There were some people who only showed concern when they thought they might lose me. My hurt wasn’t their hurt; my death would be their hurt.
Then there were those who dismissed my suicidality as manipulation, those who were unconvinced that I wanted to die. I envied their lack of understanding. I couldn’t imagine how easy their lives were if they couldn’t grasp how death could be preferable to life.
It was perhaps because of the last group of people that I felt incredibly guilty about my suicide attempt.
Although it was never my intention, I felt like a traitor. I began to question whether my own attempt was real, or whether I was actually being manipulative. Of course, some people do threaten suicide as a means of manipulating others — was I one of those people?
When speaking to a therapist in the hospital, I brought up my anxiety. I told her how awfully guilty I felt. “I feel like I was trying to escape. I was running away from everyone who loved me.” The words came from the back of my throat. “How are they supposed to forgive me?” I asked.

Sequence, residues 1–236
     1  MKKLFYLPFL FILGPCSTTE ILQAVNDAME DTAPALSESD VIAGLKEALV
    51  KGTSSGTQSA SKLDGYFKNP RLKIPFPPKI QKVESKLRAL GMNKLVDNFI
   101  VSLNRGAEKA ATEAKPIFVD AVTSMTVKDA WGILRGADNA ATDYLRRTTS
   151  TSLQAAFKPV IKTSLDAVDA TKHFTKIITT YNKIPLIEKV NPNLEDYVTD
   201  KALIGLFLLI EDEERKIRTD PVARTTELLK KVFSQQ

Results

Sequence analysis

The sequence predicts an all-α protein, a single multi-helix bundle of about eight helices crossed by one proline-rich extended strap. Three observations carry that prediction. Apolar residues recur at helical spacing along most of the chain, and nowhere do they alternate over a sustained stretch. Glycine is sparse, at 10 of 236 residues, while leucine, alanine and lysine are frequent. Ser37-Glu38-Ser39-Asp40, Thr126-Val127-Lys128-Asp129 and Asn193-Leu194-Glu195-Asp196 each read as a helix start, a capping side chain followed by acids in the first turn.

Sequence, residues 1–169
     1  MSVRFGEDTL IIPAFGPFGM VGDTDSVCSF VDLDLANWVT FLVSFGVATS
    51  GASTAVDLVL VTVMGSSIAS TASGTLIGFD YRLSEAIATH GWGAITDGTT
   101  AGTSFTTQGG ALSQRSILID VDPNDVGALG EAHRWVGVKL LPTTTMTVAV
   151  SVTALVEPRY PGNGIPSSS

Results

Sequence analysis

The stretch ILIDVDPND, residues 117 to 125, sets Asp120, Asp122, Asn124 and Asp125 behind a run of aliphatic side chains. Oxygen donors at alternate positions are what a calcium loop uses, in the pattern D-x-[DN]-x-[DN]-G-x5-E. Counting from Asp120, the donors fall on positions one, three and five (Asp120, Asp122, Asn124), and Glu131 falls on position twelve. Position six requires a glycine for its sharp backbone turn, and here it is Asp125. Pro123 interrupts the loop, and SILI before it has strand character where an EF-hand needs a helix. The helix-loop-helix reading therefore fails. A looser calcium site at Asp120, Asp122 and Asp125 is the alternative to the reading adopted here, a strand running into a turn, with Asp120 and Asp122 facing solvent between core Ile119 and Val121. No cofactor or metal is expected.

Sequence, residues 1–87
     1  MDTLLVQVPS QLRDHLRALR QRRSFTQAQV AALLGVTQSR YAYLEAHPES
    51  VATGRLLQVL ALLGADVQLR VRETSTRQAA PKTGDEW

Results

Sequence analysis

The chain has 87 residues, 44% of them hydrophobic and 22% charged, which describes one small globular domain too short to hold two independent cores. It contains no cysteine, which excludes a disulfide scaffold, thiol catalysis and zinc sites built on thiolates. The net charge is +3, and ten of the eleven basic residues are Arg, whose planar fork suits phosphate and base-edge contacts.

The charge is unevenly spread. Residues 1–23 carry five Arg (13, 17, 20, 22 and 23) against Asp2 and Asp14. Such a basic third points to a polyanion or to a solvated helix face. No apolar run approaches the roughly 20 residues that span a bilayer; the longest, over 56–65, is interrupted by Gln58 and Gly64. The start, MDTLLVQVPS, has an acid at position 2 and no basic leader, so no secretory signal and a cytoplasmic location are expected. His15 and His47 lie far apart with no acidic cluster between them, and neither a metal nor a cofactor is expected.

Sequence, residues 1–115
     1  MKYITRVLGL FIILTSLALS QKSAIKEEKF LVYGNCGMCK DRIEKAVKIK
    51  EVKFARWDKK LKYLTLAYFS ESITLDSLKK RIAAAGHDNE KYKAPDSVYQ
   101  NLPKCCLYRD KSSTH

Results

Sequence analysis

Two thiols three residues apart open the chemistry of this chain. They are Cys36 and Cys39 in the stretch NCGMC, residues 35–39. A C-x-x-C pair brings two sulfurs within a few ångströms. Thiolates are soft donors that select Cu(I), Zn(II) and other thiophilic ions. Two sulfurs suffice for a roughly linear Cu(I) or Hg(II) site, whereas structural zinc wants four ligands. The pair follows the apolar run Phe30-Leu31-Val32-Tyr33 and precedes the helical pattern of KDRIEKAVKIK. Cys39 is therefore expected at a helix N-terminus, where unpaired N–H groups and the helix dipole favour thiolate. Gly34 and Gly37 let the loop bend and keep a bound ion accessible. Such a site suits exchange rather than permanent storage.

“They can’t forgive you because there’s nothing to forgive,” she answered. I pursed my lips thoughtfully. “You can love a house that’s on fire and still leave it,” she said.
A few days after I left the hospital, I took a walk with a friend of mine. After about 20 minutes, my suicide attempt inevitably entered the conversation. She asked how the hospital was, and I answered with a monosyllabic and inconsistently curt word: “Fine.”
I interlaced my fingers with my friend’s. “I’m sorry I tried to leave you,” I said, after minutes of silence passed by.
“But you weren’t leaving me,” she said. “You were leaving the pain. I would never be mad at you for that.”
True love, I found, was neither manipulating someone into living nor saying that they would be better off dead.
True love is concerned with solutions, with centering the hurt, and with giving hope to someone who had forgotten what hope felt like.
And true love doesn’t make us feel guilty for dealing in the only way we know how.
Whether you’re a Maltese poodle or a 21-year-old human, love doesn’t — and shouldn’t — disappear when we react to our own pain.